Herpetologists from the California Academy of Sciences and University of Texas at El Paso discovered a single specimen of the Bururi long-fingered frog (Cardioglossa cyaneospila) during a research expedition to Burundi in December 2011.
The frog was last seen by scientists in 1949 and was feared to be extinct after decades of turmoil in the tiny East African nation.
For biologists studying the evolution and distribution of life in Africa, Burundi sits at an intriguing geographic crossroads since it borders the vast Congo River Basin, the Great Rift Valley, and the world’s second largest freshwater lake, Lake Tanganyika.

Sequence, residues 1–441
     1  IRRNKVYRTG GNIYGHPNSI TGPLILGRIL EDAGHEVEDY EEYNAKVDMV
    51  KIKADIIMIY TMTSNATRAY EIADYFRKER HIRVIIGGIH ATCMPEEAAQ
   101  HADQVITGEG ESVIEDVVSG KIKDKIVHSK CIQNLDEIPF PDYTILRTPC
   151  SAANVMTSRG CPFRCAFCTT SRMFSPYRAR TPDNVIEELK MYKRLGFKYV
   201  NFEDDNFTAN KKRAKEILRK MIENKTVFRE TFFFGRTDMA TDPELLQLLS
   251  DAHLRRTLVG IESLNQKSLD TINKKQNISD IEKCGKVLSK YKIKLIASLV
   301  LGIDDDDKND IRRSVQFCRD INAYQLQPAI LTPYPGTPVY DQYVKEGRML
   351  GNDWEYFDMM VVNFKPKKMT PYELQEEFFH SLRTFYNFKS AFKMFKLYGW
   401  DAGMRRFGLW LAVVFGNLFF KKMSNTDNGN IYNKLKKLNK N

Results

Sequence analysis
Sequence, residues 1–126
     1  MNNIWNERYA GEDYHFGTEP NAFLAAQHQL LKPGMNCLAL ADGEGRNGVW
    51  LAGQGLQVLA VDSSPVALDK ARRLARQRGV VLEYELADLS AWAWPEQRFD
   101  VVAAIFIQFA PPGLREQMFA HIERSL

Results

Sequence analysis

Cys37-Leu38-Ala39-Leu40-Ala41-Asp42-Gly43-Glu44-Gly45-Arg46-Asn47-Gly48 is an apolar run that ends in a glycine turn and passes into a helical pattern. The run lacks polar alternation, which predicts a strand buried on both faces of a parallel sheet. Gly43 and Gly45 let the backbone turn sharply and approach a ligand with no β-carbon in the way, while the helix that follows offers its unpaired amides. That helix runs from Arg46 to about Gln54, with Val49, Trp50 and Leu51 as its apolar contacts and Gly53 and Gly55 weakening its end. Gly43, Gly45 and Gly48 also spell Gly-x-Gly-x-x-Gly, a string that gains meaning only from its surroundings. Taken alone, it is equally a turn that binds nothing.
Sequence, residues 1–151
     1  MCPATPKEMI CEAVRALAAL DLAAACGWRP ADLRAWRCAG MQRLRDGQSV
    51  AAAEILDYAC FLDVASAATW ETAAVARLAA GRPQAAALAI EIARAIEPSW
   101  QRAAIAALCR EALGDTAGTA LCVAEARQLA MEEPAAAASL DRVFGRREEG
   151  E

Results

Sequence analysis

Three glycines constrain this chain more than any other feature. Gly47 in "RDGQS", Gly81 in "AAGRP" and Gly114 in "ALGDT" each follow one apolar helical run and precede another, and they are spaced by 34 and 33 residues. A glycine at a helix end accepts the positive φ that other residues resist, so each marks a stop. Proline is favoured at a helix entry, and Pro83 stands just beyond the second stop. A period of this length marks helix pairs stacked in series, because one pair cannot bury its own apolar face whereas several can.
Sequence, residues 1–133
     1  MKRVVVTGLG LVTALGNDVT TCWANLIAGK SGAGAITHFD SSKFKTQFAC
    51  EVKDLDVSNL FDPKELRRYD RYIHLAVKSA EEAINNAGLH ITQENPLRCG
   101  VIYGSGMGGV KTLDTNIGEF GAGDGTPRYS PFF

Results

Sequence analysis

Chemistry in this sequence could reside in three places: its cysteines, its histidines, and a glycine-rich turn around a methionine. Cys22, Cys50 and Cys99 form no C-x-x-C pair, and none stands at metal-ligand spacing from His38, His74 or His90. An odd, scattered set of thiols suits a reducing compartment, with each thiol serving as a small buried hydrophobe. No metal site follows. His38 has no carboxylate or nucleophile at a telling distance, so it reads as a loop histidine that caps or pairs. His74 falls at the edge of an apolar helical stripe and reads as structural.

Many of the species in its high-elevation forests may be closely related to plants and animals found in Cameroon’s mountains, suggesting that at some point in the past, a cooler climate may have allowed the forests to become contiguous.
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